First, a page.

By DALE LUMA
James Graham believes there is a huge opportunity to develop agriculture further in the country.
The former New Britain Palm Oil Ltd chief executive officer has served the company and the agriculture sector for 32 years.
He is returning to his family in Queensland, Australia. He is originally from Aberdeenshire in Scotland.
His father was a British army officer who served in other countries such as Kenya, Germany, Singapore and Australia. His mother is a retired medical general practioner.
“When I left school, I had a Gap Year teaching English as a second language in Sudan. The experience gave me an insight into the challenges of emerging economies and the importance of agriculture in improving the wealth of developing nations.”
So when he returned home, he enrolled in the North of Scotland College of Agriculture in Aberdeen and gained a Higher Diploma in Agriculture.
He later got a Masters in Management degree for Agricultural Development at the University of Cranfield.
In July 1988, he left his work as a supervisor on a pig farm outside Aberdeen to take up the position of assistant manager with Harrisons & Crosfield (PNG) Pty Ltd. It had at that time controlling share of New Britain Palm Oil Development Ltd.
“ I have made lifelong friends among Papua New Guineans and people from other countries who have come to work here.”
He is married to Kelly, an Australian who renovates houses in Queensland. They met in PNG and had six children who grew up and attended school in West New Britain.
“They are all adults now, pursuing their own careers in Australia.”
When he joined the company in 1988, it had only two crude palm oil processing mills, 13,000 hectares of oil palm in West New Britain, 560 hectares of arabica coffee in Western Highlands and one coffee factory.
It now has a land bank of more than 162,300 hectares.
“This includes 92,000 hectares of planted oil palm plantations, a further 10,000 hectares under preparation for oil palm, over 7,600 hectares of sugar cane, 26,000 head of cattle, 12 oil mills, one sugar factory, two abattoirs and two copra mills. We operate in seven provinces in PNG and in the Solomon Islands.”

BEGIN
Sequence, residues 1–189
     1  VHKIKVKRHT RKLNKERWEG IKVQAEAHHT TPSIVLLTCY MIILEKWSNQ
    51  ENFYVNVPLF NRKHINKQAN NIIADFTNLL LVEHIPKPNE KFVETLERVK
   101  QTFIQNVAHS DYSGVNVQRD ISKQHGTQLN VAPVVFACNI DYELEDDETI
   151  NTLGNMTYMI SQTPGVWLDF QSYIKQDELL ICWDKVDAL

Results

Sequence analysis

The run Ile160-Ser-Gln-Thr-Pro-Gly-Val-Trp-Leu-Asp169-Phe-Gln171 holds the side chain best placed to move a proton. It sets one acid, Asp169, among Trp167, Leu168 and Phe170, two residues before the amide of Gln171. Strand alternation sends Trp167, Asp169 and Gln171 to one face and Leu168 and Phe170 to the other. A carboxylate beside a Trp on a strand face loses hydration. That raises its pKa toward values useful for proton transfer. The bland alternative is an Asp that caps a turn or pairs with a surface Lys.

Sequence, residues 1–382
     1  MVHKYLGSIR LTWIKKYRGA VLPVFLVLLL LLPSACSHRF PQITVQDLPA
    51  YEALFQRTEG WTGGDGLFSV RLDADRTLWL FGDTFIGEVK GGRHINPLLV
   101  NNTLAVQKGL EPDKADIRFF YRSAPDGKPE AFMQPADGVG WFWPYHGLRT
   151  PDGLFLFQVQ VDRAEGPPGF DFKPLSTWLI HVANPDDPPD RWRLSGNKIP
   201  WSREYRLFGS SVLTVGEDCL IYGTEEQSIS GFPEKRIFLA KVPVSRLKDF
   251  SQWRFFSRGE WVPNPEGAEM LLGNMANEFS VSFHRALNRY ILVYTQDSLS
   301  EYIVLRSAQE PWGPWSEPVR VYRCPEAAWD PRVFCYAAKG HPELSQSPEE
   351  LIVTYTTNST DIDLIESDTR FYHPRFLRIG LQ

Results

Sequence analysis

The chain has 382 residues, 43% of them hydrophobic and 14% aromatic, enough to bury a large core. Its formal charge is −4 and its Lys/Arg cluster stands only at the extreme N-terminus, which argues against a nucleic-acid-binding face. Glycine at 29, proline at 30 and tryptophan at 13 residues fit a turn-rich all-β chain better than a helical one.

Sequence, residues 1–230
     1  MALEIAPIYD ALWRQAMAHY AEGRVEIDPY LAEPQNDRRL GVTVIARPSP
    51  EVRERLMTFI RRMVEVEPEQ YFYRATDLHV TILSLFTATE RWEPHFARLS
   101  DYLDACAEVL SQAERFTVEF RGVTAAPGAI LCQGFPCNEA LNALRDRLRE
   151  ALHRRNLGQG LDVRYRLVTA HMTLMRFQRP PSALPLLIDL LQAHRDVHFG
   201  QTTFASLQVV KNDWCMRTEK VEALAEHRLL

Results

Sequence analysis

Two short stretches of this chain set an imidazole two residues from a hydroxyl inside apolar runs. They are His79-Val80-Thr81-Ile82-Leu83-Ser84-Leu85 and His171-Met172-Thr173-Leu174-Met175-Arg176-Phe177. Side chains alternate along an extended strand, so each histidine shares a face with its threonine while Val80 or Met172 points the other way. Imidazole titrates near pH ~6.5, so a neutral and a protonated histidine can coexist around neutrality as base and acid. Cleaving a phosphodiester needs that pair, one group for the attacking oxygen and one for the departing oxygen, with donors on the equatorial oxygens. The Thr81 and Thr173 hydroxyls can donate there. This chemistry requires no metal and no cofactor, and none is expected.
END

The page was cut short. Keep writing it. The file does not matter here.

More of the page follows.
He also worked in the coffee business in Western Highlands and at Ramu Agri Industries as general manager for seven years.
In 2015, he was transferred by the new owners Sime Darby Plantation to Malaysia as Head Plantation Operations Upstream Malaysia.
He returned to PNG after three years to be chief executive officer.
“There is a growing demand for agricultural products and NBPOL remains committed to developing agriculture in PNG.”
He is particularly proud of the company’s sustainability credentials.
“Achieving number one ranking in November last year for the Zoological Society of London’s Sustainability Policy Transparency Toolkit for palm oil producers is a great credit to the company and to the nation.
“We are not perfect and we still have much to do, however we are undeniably a world leader in sustainable palm oil. There are enormous challenges, land tenure issues prevent opportunities in agricultural development.”
James takes back home with him many happy memories of life in PNG.
“I have made lifelong friends among Papua New Guineans and people from other countries who have come to work here.
“There is great beauty in the landscape both in the mainland, especially the Highlands and much of the New Guinea Islands remain pristine.
“I have thoroughly enjoyed going to many of the cultural shows, whether they be provincial or ones held on the plantations. The sound and colour of the singsing groups are truly unique.”
Lifelong memories of PNG – a small gift for his three decades of service. Tenk u tru, James!